Wrong Hands


Billing themselves as "a young metal band [that] delivers a mean and refreshing mix of […]
By kenn staub
October 7, 2020
Obstruktor - Wrong Hands album cover

Billing themselves as "a young metal band [that] delivers a mean and refreshing mix of thrash, speed, and death metal," OBSTRUKTOR released their debut album, "Wrong Hands," in mid-summer. "Wrong Hands" is a do-it-yourself project, the trio from Haarlem, Netherlands not only wrote and performed the album, but were also responsible for its recording, mixing, mastering, and publishing. This lends "Wrong Hands" an old-school aesthetic, reminiscent of punk's early days when band members did it all in an effort to be heard. Herein lies the album's strengths, as well as its weaknesses.

There is something in each song on "Wrong Hands" that I really liked, whether it be a catchy refrain, a headbanging beat, or a grinding rhythm. That being noted, however, each song also features such abrupt and frequent shifts in tempo and style that it becomes hard to settle in and embrace what the band is doing. It is as if OBSTRUKTOR is trying on various personas, throwing them out there to see what sticks instead of developing one sound. Further, the mixing of the album does them no favors. For instance, the drums often have a hollowed-out quality that is too prominent in the mix.

A sampling of songs from "Wrong Hands" gives a synopsis of my overall impressions. "Cry For Justice" is the first track that got my attention. It started with a great rhythm highlighted by rat-a-tat drumming and distorted guitars. Just as I was getting into it, the song abruptly shifted, straying from the original theme that had me initially digging the tune. "The Pile" opens solidly, methodical drumming with bursts of guitar in a marching beat that settles into a grooving refrain. Once the vocals starts, the song's structure becomes more discordant and somewhat muddy. "Threat To The Menace" is marked by a doomsday-like rhythmic refrain that gives way to a style change that marks the start of diminished musical cohesion. At times the singer takes seemingly forced excursions into the upper end of his range that aren't necessarily needed. The style changes were better set up in "Sleep," a song that has an almost SABBATH-like quality in its opening and closing. "Black Fumes" shows OBSTRUKTOR's speed metal chops with a nice riff coming through, whereas "Powerlords" has a hardcore punk feel with a refrain that could have been used more.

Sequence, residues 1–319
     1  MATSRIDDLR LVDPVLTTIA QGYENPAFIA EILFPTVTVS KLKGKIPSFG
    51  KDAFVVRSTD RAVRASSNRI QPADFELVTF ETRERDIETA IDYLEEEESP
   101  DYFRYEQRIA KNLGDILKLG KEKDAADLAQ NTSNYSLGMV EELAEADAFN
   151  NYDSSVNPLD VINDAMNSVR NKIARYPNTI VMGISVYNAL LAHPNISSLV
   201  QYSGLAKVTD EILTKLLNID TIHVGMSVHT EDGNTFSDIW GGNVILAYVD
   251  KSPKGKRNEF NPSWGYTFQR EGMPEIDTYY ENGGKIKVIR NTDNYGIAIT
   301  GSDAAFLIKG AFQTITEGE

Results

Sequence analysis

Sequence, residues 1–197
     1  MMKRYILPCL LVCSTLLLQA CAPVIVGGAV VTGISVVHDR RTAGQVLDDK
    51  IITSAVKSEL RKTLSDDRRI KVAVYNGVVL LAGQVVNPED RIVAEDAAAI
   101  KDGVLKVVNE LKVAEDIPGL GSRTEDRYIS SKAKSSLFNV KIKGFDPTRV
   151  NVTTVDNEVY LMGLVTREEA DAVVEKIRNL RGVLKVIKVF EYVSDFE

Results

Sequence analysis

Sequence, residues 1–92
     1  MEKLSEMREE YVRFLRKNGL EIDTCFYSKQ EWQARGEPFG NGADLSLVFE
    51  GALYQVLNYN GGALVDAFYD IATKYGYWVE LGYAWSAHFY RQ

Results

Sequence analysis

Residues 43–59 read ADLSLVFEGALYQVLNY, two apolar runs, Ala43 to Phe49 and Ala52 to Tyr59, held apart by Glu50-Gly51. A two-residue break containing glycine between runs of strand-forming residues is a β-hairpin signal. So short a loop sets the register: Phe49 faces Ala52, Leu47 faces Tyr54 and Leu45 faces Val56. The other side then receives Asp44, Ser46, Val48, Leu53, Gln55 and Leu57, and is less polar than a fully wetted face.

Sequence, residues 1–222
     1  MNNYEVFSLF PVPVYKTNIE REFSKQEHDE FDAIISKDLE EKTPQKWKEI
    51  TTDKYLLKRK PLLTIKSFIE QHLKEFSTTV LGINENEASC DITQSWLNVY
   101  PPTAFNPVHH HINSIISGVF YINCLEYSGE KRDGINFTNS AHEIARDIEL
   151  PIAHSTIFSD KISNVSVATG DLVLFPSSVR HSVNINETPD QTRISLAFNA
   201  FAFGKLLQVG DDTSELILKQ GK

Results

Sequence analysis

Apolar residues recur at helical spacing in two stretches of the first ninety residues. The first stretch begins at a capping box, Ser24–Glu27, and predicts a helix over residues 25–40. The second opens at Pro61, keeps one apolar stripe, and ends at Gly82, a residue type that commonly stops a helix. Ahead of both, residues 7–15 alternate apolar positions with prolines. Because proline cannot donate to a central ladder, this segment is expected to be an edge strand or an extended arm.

"Wrong Hands" is a no-nonsense album, what you hear is what you get. It shows a band that is capable of mining several of metal's subgenres to great effect, particularly when it comes to putting down a rhythm. There is a need to blend these styles more coherently or settle on a central theme upon which to build around. The musical ability is present, OBSTRUKTOR just needs to play more to their strengths, sticking with them and avoiding forays that don't add to the whole.

5 / 10









"Wrong Hands" Track-listing:

1. Orbit
2. Wrong Hands
3. Cry For Justice
4. Atomic Holocaust
5. The Pile
6. Threat To The Menace
7. Sleep
8. Black Fumes
9. Powerlord
10. Placebo

Obstruktor Lineup:

Bas Leurs - Guitars/Bass/Vocals
Jesper Te Beest - Guitars/Vocals
Max Buljis - Drums (synths on Placebo)

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